After returning to the boat with a single herp for the night, I was ready to eat some food and drink some beers and get ready for the following day. Incredibly, I would get one more herp for the night back at the boat!


With tongs at the ready, we managed to get this banded sea krait! She may have been attracted to the boat’s lights.


She sure looks like she’s ready to lay eggs!


The crew told us that the local lore said that it was good luck to have a sea krait swim up to a boat. This boat was new and it hadn’t happened yet – so the captain was particularly excited! It was his first time touching a snake of any sort, and definitely the first time one had been on his boat!


The next day we began our trip to the top of Mt. Satalibo. For reference, almost nobody does the hike we did. The head ranger managed to scrounge a tent that they give to film crews to use on the porch of the ranger station to keep bugs away. What we did is definitely not part of the normal menu – and by the time we made it back to the boat the next day we were well aware of why that is.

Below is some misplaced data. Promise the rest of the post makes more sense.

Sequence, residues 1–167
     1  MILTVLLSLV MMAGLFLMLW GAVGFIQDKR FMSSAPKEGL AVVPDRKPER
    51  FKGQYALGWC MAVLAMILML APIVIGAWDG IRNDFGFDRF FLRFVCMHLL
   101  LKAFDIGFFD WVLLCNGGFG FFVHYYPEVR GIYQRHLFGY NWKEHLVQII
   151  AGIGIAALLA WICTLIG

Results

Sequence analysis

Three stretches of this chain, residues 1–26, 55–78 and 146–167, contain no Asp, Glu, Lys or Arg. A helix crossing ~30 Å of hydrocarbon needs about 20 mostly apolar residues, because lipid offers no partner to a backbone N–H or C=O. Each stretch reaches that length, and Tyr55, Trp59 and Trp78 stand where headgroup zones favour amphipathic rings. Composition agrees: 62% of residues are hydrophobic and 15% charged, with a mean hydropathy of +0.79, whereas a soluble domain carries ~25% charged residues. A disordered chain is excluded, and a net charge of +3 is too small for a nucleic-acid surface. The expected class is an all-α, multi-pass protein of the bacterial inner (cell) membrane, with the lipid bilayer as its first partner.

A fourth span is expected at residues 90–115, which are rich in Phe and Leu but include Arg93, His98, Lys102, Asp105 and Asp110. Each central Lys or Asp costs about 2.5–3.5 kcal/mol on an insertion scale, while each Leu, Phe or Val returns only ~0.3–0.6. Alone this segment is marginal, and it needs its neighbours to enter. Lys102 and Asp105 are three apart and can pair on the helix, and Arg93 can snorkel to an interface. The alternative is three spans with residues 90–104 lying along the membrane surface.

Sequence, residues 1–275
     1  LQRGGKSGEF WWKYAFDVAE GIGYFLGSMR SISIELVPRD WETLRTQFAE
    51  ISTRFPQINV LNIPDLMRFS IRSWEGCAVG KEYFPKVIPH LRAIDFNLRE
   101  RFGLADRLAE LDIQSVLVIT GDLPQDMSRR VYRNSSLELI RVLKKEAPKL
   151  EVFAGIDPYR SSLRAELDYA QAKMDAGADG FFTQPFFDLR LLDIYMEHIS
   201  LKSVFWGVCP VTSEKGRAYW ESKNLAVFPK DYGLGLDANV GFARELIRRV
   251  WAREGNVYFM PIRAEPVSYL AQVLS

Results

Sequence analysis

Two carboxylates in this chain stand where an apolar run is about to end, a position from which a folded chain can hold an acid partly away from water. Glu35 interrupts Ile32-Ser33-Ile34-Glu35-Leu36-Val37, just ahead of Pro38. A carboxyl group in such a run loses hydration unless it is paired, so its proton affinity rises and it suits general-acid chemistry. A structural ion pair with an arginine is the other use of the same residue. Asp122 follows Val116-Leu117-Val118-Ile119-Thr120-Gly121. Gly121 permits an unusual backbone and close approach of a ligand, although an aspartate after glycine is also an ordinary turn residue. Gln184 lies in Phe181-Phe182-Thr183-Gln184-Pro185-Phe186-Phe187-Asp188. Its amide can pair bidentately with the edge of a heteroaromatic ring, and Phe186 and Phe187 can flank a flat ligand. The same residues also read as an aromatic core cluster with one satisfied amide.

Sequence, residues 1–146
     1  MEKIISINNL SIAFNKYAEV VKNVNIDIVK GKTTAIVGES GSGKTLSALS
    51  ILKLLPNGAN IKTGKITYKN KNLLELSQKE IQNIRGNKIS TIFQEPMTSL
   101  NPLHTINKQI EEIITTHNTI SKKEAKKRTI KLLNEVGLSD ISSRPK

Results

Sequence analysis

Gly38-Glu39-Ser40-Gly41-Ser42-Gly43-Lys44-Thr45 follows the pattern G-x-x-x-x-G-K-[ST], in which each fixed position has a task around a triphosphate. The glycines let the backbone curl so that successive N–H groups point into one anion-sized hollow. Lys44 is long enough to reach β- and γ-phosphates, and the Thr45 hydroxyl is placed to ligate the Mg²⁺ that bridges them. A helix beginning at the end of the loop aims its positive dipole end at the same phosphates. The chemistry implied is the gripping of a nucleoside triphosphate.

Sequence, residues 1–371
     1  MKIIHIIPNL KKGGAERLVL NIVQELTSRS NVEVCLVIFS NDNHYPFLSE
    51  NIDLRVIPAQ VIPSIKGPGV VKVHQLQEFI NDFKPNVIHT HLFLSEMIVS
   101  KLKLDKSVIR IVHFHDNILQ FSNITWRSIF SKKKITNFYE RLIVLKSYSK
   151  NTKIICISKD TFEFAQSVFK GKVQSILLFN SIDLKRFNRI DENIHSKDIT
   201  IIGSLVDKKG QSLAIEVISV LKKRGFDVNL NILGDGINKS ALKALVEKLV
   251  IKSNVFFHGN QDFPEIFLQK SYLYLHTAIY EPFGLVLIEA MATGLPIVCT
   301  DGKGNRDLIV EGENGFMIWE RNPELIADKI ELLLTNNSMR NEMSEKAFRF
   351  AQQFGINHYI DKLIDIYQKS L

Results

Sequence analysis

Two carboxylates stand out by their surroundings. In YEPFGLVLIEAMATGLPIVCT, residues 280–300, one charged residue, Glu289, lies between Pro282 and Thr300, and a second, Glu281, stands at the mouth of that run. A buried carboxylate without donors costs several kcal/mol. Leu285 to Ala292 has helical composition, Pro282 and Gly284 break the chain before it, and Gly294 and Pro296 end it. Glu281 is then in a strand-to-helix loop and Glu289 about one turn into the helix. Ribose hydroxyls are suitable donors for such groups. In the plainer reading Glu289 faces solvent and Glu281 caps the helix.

A dragon that was NOT habituated to humans.

This was the first non-habituated dragon that we encountered. I was amazed by how curious it was. Curious in a predatory sort of way. I absolutely don’t want to be sensationalist, but the fact is that the dragon saw the group of us and immediately began a slow and steady walk towards us. When it got particularly close, the guides repeatedly hit it in the head with their forked sticks. In response, the dragon backed up and then tried to circle around and come from a different angle. It was a fascinating experience. The dragon wasn’t sprinting at us – it was merely walking. However, I have no doubt that if we were to stand still and allow it to approach, that it would have sunk its teeth into one of our legs. It wasn’t in a rush like we normally see predatory encounters, so it was an alien experience – but I am quite certain that that dragon wanted to eat us. That obviously doesn’t make it malicious, but the experience is one that I cannot get out of my mind. It simply wanted to eat us if we didn’t cause much trouble. As it was, the guides hit it in the head several times (which I am led to believe is standard procedure), and eventually it retreated and stared as we walked away.